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Drivers Beware! Another 11 Haunted Roads in America

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Driver Retention: More Money, Less Fried-Chicken?

Driver Retention: More Money, Less Fried-Chicken?

How does a million dollars sound in exchange for driving a truck? Pretty dang good, right? That’s how much Swift Transportation was awarding select winners in a driver retention campaign in the mid-2000s!

While that specific program seems to have ended, trucking companies continue to look for ways to combat the ongoing driver shortage. Drivers with good records can sometimes win money, prizes, and even new cars. Why such big prizes? While the transportation of goods continues to be a backbone of American production and growth, more and more truck cabs are found with an empty driver’s seat.

While trucking isn’t the only industry to have a skilled labor shortage, the transportation industry particularly suffers from relatively low job satisfaction. A 2011 research study found that 60% of truck drivers would not recommend their occupation to their own children. Reasons included excessive time away from home, poor pay, and a lack of respect for their hard work.

Another problem is that older drivers are parking their rigs for good, getting out of the trucking business due to age or health concerns. The average age for a commercial driver is 55, and it can be hard to stay in good health on the road. An estimated 86% of truckers are overweight or obese, according to a 2007 report. This is unsurprising considering the food available on the road is all “fried, fried, fried,” as Bill Johnson, a 25-year industry veteran, told the New York Times.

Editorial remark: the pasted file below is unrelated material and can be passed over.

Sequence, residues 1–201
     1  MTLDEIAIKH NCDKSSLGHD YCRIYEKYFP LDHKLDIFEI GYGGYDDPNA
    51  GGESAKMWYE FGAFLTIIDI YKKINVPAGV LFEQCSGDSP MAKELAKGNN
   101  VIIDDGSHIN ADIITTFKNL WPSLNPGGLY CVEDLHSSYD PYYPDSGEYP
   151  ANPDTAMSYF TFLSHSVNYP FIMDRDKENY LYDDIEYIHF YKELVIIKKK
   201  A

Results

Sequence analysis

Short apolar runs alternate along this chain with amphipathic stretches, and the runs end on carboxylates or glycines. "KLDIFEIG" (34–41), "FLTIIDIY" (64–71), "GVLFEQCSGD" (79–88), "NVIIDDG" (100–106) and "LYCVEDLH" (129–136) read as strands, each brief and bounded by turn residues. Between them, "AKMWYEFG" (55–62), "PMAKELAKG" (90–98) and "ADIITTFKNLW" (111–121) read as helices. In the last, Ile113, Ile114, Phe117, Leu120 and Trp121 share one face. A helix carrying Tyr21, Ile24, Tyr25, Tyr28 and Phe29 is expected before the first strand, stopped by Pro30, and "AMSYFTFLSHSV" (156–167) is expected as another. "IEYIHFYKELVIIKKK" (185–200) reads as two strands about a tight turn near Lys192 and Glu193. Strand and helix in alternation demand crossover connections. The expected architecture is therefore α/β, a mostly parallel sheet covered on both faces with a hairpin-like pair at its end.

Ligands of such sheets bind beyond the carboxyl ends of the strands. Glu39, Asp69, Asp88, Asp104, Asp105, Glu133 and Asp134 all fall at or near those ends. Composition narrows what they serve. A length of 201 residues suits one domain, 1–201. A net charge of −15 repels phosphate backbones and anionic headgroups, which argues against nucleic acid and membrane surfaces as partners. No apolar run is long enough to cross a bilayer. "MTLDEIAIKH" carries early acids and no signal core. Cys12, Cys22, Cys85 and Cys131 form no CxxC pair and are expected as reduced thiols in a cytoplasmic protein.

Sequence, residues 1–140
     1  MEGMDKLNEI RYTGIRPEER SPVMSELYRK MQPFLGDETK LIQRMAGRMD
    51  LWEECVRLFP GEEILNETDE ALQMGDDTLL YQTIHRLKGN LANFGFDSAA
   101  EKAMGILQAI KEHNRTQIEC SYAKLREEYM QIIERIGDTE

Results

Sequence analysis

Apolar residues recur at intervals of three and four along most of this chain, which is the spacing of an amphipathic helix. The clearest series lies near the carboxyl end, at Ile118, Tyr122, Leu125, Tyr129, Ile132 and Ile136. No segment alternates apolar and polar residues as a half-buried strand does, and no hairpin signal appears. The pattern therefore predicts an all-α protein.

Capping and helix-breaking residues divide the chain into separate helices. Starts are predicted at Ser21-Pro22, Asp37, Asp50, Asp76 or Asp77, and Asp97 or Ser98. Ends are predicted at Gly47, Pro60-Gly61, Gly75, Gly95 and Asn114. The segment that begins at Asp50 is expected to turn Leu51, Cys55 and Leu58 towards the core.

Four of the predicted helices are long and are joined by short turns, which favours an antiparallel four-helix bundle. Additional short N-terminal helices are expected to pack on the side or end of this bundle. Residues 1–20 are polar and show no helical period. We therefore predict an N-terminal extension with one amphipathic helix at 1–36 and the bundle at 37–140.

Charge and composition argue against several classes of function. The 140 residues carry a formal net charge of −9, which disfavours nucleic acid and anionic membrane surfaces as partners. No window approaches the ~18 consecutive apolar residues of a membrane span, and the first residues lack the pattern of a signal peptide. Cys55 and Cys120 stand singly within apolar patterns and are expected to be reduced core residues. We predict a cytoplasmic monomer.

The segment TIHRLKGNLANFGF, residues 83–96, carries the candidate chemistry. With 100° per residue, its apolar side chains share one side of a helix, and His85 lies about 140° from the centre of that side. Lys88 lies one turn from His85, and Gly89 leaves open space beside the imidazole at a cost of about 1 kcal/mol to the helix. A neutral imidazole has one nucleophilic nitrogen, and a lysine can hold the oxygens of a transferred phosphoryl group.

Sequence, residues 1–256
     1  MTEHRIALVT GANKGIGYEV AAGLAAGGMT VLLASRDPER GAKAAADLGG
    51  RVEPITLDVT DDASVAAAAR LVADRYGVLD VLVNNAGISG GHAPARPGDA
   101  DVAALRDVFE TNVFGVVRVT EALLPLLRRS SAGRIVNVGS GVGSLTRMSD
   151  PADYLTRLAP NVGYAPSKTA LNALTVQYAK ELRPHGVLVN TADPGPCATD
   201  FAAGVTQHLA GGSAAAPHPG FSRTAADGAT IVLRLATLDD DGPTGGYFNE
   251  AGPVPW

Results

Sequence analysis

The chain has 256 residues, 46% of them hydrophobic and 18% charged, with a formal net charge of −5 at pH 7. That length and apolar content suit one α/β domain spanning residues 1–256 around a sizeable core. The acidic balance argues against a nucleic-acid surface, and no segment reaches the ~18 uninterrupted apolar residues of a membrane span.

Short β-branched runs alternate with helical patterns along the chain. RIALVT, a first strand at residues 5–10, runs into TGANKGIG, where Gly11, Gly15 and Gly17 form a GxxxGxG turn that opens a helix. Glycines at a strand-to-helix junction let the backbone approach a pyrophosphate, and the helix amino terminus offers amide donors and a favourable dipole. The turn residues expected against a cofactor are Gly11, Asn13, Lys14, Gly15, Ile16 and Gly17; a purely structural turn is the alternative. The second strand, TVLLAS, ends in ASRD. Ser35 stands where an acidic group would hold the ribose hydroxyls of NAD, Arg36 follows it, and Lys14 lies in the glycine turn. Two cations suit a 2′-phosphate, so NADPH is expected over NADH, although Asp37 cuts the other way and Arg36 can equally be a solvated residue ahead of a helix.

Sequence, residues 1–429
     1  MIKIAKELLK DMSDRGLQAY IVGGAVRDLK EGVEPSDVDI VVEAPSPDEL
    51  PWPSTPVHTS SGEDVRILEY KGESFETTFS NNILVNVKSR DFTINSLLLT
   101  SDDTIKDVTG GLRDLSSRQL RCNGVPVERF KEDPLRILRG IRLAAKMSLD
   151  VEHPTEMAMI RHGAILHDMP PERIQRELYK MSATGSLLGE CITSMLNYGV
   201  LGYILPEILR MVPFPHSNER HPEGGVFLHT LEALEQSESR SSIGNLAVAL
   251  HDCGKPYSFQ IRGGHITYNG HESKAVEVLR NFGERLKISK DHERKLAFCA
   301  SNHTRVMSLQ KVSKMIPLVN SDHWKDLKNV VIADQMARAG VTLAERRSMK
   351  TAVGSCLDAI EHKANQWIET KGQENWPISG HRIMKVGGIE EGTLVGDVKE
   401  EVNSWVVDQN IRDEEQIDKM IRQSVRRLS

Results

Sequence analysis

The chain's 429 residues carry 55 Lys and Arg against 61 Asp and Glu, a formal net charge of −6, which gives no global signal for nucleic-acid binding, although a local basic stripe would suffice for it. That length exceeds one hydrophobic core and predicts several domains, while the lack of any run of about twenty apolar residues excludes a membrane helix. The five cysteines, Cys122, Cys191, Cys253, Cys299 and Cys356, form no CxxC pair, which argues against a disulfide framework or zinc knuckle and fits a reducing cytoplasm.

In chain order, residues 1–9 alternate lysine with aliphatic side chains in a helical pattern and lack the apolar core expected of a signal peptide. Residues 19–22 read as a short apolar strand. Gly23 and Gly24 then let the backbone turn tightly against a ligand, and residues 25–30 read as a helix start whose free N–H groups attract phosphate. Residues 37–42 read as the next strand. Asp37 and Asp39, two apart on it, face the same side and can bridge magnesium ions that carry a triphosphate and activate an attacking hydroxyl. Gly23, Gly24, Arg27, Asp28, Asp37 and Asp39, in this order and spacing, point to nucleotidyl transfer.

As you likely know, we could go on and on about the driver shortage and the many reasons the industry struggles to attract and retain good drivers. In many ways, it will be up to fleet managers and trucking companies to implement policies, strategies, and campaigns that are effective. Some commonly mentioned solutions include better pay and hours, allowing for sufficient time at home, connecting drivers with the team, recognizing their efforts, and helping truckers achieve a healthy lifestyle.

What do you think? Is the solution to the driver shortage simply more money and less fried-chicken? Leave us a comment below – What can be done to help keep good drivers on the road? What keeps you on the road?


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Ethan Smith
Ethan Smith
is the Content Manager at Trader Interactive, managing marketing content development for ATV Trader, Commercial Truck Trader, Cycle Trader, Equipment Trader, RV Trader, and more. Ethan believes in using accessible language to elevate conversations about industry topics relevant to marketplace buyers and sellers.

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3 Responses

  1. Drive truck 55 years .If you have a good union job driving no problem,if you work for a company running regional ok,work as O/O you have to do what it takes .working as a driver for a O/O no futher, I do not recommend driving truck for the helter skelter way trucks are operated now ! No future,no pay ,no hope unless this is what YOU want to do . Food is your choice !! Eat a lot work hard !!!

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